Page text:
A recent study found that the most popular "vegetable" eaten by 15-month-olds is French fries. One quarter of children between seven and twenty-four months consume no vegetables, and a quarter consume no fruit. Any parent who has followed their toddler around the living room with a spoon or resorted to flying airplanes of broccoli knows that dealing with a picky eater is frustrating. But although some studies suggest as much as a 75% genetic determination to the fear of new foods or "food neophobia," there are some things parents can do to help get their children eat a diversified diet.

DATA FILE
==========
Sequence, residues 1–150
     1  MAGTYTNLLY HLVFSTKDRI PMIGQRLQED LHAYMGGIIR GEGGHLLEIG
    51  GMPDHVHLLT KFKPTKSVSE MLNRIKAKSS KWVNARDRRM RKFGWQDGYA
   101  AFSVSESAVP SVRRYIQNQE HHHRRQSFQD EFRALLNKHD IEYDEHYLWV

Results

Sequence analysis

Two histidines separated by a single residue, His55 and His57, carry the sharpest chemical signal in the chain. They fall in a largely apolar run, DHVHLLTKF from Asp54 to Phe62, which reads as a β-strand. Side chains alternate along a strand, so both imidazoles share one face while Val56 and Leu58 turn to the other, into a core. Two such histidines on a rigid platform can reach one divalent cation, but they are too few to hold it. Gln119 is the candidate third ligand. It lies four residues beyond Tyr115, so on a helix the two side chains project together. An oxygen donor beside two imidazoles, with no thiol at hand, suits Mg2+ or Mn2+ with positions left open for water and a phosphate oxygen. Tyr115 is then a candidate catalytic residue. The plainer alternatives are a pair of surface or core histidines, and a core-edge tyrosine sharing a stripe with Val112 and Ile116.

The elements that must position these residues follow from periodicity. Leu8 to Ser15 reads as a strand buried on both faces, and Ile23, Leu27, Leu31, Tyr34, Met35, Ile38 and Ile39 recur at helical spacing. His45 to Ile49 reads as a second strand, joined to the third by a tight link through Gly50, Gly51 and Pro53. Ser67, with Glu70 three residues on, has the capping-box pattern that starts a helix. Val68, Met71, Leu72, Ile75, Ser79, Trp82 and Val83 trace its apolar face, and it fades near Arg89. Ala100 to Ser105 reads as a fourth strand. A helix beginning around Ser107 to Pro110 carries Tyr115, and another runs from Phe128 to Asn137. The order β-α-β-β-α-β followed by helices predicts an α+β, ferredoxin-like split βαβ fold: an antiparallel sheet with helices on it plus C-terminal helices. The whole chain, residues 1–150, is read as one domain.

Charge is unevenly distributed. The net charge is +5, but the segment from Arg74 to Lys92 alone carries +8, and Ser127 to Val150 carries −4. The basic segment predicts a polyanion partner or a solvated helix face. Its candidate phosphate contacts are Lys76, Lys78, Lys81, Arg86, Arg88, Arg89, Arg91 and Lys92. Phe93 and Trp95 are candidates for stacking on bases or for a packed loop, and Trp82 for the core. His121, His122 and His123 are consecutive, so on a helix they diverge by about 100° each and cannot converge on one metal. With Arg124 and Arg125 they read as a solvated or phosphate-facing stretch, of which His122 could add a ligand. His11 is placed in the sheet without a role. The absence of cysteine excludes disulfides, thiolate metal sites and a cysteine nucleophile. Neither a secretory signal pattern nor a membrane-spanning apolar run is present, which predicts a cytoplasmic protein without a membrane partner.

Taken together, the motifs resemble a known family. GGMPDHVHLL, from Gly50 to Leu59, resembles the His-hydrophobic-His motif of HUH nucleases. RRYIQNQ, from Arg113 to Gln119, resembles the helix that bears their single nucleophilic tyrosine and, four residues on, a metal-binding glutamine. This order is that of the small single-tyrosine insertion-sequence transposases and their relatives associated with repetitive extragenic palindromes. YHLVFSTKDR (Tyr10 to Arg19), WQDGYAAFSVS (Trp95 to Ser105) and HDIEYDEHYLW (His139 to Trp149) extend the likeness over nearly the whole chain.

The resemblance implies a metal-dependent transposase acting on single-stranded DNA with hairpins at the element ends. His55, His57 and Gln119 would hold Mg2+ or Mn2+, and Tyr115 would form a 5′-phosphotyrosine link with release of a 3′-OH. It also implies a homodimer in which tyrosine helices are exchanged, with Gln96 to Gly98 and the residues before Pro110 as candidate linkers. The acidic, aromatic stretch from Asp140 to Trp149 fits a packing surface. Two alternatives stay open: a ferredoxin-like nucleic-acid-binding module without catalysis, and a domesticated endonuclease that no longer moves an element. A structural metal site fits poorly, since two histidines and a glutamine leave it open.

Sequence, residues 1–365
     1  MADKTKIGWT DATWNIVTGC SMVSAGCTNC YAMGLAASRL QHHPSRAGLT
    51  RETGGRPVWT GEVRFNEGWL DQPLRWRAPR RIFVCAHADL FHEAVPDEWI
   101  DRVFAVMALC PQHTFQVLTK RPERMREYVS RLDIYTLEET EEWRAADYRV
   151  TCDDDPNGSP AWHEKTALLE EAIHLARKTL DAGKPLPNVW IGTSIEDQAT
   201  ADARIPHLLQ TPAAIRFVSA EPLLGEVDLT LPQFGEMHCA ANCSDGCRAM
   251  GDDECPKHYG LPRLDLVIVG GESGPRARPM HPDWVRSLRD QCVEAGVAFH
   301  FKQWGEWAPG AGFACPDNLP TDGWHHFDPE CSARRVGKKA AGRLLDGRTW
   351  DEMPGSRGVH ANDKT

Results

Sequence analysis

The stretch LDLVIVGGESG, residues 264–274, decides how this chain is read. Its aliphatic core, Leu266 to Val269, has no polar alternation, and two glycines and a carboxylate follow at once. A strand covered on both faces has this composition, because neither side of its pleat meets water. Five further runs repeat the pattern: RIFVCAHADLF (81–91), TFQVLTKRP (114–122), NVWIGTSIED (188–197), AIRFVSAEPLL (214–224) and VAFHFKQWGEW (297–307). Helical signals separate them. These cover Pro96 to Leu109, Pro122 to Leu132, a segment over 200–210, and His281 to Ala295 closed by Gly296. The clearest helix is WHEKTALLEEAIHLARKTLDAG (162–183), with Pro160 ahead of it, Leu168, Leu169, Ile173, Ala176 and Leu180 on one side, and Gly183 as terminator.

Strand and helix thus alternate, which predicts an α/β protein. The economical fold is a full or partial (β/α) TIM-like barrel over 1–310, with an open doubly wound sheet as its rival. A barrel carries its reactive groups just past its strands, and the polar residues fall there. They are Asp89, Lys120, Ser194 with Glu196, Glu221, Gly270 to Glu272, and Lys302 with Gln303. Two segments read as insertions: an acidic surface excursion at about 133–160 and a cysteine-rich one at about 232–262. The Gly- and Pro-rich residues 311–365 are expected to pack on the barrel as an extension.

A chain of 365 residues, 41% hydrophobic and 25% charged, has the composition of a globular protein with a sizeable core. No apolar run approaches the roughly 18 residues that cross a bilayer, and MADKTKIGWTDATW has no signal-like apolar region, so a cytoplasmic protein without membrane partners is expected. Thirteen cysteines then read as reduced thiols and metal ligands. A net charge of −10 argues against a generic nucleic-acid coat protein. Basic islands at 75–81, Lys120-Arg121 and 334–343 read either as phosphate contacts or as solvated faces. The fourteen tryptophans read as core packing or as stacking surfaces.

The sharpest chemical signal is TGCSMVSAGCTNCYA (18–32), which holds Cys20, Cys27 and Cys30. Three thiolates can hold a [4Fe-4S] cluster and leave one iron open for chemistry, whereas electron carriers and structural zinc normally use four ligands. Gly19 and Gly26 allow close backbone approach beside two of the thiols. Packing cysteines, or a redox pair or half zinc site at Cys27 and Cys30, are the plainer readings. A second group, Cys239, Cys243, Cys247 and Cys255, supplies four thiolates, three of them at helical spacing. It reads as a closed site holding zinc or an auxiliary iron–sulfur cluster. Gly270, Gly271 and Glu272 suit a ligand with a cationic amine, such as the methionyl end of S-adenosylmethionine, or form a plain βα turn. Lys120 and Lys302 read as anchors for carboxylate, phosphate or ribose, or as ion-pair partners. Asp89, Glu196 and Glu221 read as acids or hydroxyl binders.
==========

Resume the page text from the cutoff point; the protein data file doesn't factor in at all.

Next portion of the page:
Even before your babies are born, you can help make them adventurous eaters. Food flavors are transferred through the amniotic fluid, which babies swallow in utero, giving them exposure to the flavors in mom's diet. Research has shown that what a mom eats affects her baby's preference for those foods. One study conducted by the Chemical Senses Center showed that when a mom drank carrot juice in her last trimester, her baby was more interested in mashed carrots many months later when solids were introduced. The same holds true for the food flavors transmitted through breast milk.
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